It’s been five weeks since the Kilauea volcano began erupting on Hawaii’s big island.
Since then, more than 600 homes and buildings have been destroyed by the constant flow of blazing hot lava. The lava is creating new land, but it’s also creating toxic gases and destroying homes and roads.
York-Poquoson Sheriff’s Deputy Jason Patch was in Hawaii on vacation because it was on his bucket list to see an active volcano. But when he saw lava about to burn down a home, his first responder training kicked in and he didn’t hesitate to help.
“It was pretty intense, very hot, very loud, sounds like a jet engine,” said Deputy Jason Patch. “I went there just as a tourist. I had no intentions of doing anything.”
Patch was walking through a neighborhood and saw a house about to catch fire. He says instinct kicked in.
“I went around the back of the house, tried to put the fire out with the garden hose, there was no water pressure,” Patch said.
He couldn’t stop the fire but saw pet supplies on the porch, so he wanted to make sure no people or pets were still inside.
Patch said, “When I did kick in the door, finally, there was nobody in there so I was like, that’s a relief.”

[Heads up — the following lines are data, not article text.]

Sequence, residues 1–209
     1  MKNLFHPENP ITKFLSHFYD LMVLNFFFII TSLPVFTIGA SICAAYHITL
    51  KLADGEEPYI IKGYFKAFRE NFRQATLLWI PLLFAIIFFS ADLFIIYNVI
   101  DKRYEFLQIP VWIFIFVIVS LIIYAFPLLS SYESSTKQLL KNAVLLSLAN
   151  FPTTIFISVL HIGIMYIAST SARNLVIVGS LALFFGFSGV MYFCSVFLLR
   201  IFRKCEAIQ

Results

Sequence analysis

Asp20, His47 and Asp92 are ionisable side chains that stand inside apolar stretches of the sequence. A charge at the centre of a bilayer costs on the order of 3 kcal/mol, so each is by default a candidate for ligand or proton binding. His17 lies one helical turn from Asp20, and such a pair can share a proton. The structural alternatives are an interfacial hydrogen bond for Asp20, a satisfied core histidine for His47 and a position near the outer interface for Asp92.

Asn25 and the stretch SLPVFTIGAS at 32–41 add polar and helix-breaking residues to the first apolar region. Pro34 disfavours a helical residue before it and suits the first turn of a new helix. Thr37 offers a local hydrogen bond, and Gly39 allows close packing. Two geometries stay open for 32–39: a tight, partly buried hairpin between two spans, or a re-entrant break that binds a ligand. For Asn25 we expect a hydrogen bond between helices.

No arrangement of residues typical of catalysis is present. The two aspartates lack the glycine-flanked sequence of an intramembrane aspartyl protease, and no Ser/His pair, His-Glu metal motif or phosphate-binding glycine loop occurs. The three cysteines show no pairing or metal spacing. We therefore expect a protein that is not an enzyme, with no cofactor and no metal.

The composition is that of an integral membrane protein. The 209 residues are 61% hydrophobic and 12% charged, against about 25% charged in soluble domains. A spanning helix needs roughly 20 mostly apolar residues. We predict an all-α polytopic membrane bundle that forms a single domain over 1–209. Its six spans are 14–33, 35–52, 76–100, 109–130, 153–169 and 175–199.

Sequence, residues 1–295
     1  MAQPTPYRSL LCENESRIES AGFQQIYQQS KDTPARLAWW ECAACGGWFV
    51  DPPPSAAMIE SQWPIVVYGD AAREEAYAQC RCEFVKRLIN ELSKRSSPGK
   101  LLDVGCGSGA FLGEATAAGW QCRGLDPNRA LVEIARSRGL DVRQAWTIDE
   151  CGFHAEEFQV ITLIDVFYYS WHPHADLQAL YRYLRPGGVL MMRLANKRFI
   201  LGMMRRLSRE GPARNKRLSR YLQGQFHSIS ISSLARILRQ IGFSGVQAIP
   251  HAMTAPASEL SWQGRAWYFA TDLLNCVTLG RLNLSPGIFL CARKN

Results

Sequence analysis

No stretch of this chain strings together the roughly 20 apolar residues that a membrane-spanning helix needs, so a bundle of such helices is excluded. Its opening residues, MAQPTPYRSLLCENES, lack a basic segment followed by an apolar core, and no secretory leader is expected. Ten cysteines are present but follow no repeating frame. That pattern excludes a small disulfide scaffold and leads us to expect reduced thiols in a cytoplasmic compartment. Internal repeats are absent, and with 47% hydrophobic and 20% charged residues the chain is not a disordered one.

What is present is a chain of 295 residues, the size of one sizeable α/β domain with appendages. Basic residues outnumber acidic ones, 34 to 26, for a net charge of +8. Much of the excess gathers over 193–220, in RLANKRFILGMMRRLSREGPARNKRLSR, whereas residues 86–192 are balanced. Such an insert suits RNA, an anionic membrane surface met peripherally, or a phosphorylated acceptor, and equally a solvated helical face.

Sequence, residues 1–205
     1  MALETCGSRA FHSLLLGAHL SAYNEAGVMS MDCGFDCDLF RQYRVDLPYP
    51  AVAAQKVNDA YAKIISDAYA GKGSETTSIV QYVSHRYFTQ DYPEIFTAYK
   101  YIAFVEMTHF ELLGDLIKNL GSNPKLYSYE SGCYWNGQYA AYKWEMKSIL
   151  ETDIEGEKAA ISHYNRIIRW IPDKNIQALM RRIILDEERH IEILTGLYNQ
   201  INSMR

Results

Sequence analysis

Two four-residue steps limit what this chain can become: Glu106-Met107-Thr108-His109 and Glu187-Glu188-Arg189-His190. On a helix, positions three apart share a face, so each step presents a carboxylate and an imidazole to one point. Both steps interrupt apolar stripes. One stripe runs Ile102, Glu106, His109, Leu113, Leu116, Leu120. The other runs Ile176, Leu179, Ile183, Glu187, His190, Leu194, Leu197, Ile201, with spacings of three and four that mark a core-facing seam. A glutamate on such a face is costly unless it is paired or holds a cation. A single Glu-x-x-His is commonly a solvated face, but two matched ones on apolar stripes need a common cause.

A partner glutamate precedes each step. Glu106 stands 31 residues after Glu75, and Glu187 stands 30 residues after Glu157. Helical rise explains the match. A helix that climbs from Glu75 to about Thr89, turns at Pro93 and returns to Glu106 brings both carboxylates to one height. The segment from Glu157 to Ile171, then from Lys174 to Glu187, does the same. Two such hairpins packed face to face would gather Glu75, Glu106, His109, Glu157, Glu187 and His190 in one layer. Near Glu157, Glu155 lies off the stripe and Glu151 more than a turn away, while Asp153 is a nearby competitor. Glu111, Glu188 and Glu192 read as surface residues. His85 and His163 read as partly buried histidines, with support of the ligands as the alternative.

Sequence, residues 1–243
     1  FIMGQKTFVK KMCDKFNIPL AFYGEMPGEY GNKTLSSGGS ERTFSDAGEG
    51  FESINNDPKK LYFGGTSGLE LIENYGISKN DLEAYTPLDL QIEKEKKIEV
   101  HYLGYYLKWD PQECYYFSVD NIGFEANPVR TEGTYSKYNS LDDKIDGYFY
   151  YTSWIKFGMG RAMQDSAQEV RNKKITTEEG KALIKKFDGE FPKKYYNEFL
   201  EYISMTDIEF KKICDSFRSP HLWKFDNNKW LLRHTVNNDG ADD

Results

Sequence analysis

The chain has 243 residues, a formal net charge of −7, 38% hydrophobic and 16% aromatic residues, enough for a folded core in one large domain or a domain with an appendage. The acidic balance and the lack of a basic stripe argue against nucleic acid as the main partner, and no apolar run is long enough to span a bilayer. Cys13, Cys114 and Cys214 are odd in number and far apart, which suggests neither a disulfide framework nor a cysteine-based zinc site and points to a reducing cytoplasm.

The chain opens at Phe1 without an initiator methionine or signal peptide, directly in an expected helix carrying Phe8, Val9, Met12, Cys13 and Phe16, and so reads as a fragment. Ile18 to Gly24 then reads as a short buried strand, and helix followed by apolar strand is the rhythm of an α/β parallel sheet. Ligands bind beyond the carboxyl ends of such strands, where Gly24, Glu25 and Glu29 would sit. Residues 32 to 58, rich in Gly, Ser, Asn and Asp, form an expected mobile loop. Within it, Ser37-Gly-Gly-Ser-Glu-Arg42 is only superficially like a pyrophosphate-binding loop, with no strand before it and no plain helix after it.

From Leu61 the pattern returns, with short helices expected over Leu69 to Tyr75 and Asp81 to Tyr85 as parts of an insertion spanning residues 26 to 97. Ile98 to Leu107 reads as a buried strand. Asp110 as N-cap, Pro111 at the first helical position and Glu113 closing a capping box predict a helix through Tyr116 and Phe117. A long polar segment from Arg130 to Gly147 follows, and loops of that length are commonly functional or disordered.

He moved some possessions outside, then watched as the house went up in flames.
“There’s nothing you can really do when lava is destroying everybody’s houses,” Patch said. “The lava would basically come and burn the house down and then bury it under like 10-15 feet of lava.”
It’s a heartbreaking reality for many people on Hawaii’s big island.
Patch said, “They’re basically losing all of their possessions, all their house and everything else like that and there’s nothing you can do about it.”
The power of Mother Nature leaving its mark.
“Being right there and seeing it, is just amazing,” Patch said. “You know how loud and how powerful Mother Nature really is.”
This is not the first time Deputy Patch has helped people. He’s a former Marine, plus he drove to Florida to help with recovery efforts after Hurricane Irma.